26 May 2009

Cameron does it again

You have to hand it to Cameron.  He really does know how to chime with the public mood.  He has a whole serious of articles in today’s Guardian setting out his proposals for constitutional reform. In summary:

  • Limiting the power of the prime minister by considering fixed-term Parliaments, ending the right of Downing Street to control the timing of general elections.
  • Boosting the role of Parliament by giving MPs free votes during the consideration of bills at committee stage. MPs would also be handed the power of deciding the timetabling of bills.
  • Increasing the power of backbench MPs by allowing them to choose the chairmen and members of Commons select committees.
  • Curbing the power of the executive by limiting the use of the royal prerogative which allows the prime minister, in the name of the monarch, to make major decisions.
  • Strengthening local government by allowing councils to reverse Whitehall decisions to close popular services, such as a local post office. They would be given the power to raise money to keep them open.
  • Open up the legislative process to outsiders by sending out text alerts on the progress of parliamentary bills and by posting proceedings on YouTube.
  • Publishing the expenses claims of all public servants earning more than £150,000.

Some are rather gimmicky and others will be difficult to implement.  However, the proposal for ending the prime minister’s right to call an election will hit home.  It puts Brown on the back foot and highlights his refusal to go to the country.

Iain Dale commented on Sky News last night that Cameron had been planning these changes for sometime.  Maybe.  However, it can be assumed that he has announced them at this time due to the expenses scandal, and because he wants to highlight the general election issue.

Interestingly, Cameron comes out against PR:

Proportional representation takes power away from the man and woman in the street and hands it to the political elites. Instead of voters choosing their government on the basis of the manifestos put before them in an election, party managers would choose a government on the basis of secret backroom deals. How is that going to deliver the transparency and trust we need?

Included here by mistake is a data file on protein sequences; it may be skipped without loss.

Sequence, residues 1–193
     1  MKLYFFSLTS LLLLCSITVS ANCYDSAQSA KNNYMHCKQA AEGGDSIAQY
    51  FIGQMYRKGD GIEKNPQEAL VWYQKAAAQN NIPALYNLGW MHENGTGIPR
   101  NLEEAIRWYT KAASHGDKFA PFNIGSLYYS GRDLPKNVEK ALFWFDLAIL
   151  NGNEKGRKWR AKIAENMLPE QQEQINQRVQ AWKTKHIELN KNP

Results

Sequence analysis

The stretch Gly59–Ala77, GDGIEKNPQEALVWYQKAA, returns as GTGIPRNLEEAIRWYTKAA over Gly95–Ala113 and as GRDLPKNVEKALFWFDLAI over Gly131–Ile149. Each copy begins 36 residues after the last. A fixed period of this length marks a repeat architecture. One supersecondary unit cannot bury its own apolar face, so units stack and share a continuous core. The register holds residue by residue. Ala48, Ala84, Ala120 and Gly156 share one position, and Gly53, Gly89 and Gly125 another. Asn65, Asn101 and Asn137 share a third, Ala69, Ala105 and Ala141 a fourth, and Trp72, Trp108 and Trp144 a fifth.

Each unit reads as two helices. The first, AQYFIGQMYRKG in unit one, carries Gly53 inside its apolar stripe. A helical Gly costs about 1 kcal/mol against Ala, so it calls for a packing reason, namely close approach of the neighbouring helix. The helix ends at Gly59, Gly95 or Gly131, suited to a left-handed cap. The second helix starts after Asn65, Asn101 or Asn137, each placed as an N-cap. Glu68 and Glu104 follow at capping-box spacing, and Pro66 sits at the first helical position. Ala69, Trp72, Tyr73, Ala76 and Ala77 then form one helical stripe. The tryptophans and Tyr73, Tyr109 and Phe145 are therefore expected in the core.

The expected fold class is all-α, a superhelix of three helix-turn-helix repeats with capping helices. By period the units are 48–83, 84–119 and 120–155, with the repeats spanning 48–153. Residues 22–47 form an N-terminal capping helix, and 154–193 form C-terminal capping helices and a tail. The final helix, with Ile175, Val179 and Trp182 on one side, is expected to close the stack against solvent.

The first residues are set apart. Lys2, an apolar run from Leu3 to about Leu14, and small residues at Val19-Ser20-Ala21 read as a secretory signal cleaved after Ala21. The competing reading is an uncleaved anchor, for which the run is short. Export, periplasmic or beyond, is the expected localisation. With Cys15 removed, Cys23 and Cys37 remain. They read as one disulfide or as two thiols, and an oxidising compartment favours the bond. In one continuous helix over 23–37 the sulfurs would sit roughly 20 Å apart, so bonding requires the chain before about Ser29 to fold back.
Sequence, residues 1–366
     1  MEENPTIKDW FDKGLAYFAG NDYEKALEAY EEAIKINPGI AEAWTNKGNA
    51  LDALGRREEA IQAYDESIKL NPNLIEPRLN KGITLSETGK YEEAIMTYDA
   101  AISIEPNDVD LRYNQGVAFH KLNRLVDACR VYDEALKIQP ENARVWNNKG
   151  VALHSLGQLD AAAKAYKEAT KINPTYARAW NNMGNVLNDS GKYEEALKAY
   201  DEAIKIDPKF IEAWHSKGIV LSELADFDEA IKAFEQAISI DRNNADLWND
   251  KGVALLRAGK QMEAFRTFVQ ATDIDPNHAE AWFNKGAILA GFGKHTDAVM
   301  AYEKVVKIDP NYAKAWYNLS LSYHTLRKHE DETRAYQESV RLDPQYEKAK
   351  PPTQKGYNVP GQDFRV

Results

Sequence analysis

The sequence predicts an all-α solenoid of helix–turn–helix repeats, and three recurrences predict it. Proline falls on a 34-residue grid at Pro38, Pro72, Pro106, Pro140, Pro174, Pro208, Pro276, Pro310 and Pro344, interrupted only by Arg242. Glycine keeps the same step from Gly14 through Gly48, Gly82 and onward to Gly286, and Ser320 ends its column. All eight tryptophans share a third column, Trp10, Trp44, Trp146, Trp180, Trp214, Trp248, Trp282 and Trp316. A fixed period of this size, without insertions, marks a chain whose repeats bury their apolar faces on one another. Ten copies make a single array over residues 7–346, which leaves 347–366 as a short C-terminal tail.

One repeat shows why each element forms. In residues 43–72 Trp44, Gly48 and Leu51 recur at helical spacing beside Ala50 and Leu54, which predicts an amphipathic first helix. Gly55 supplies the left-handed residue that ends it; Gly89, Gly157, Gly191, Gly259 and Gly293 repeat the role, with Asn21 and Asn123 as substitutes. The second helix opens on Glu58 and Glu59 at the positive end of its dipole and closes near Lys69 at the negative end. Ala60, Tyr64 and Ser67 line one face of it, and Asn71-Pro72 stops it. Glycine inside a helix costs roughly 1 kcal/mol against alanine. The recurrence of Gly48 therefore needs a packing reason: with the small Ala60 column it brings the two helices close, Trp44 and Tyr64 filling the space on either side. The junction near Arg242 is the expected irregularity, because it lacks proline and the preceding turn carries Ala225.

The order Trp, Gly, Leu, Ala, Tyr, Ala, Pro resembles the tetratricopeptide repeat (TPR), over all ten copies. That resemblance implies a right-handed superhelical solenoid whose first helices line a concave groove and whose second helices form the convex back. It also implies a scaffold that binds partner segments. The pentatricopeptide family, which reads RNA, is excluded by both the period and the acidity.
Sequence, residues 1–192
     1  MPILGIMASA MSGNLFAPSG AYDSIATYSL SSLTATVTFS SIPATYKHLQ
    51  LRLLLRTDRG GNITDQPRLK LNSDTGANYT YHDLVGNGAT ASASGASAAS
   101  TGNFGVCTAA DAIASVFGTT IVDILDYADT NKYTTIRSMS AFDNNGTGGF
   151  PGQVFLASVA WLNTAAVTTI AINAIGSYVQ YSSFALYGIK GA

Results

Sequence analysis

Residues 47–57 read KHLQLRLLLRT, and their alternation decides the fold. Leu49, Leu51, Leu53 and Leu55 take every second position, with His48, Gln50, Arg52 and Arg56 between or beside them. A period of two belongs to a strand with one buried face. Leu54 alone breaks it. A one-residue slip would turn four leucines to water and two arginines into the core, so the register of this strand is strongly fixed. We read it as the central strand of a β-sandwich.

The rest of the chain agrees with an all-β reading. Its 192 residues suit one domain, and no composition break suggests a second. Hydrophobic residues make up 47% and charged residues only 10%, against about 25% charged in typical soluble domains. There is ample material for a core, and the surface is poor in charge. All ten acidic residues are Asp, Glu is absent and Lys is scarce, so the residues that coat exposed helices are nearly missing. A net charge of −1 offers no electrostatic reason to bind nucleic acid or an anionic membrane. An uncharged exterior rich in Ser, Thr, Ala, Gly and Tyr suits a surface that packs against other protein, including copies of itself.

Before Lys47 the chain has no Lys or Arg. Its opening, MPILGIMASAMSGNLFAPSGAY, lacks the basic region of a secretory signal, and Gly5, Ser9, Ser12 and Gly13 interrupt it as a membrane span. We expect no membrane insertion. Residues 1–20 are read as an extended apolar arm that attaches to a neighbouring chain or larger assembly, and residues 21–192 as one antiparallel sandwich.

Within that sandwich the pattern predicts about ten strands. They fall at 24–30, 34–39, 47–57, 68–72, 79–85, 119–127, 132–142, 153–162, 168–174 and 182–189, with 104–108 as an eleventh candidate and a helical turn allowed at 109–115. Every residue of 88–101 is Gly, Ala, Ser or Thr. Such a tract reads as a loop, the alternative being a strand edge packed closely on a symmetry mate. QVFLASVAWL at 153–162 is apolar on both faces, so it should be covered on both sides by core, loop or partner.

In one hit, Cameron puts Brown on the defensive and directly challenges Alan Johnson.  The novice has done well.

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  1. wonderfulforhisageMay 26, 2009 at 8:49 AM

    "You have to hand it to Cameron. He really does know how to chime with the public mood."

    Yep The Heir to Blair, just like the real thing, is a focus group follower.

    Leadership - bah humbug. Followership - now your talking.

  2. But of course he's told one of the big lies about proportional representation - handing over power to the political elites. Just how is that different from what happens now? All 3 parties are coalitions of differing interests and each leader imposes a view based on how he or she and his cohort can manipulate the membership.

    PR - and my preference is for the single transferrable vote - gives power to the voter. We choose who we best think should represent us not the party elites in the constituency parties; we can split the ticket according to our choice; the politicians don't like that which is why we had the party lists imposed on us for Eeurope and the Scottish parliament.

    The other objection is that PR doesn't produce strong government. Well after 30 years of elected dictatorships which have imposed a lot on is on a minority vote - poll tax, Iraq, post office closures anyone? - I can't really see what's wrong with it.

  3. He's doing very well.

    Where exactly is Brown?? In a bunker somewhere??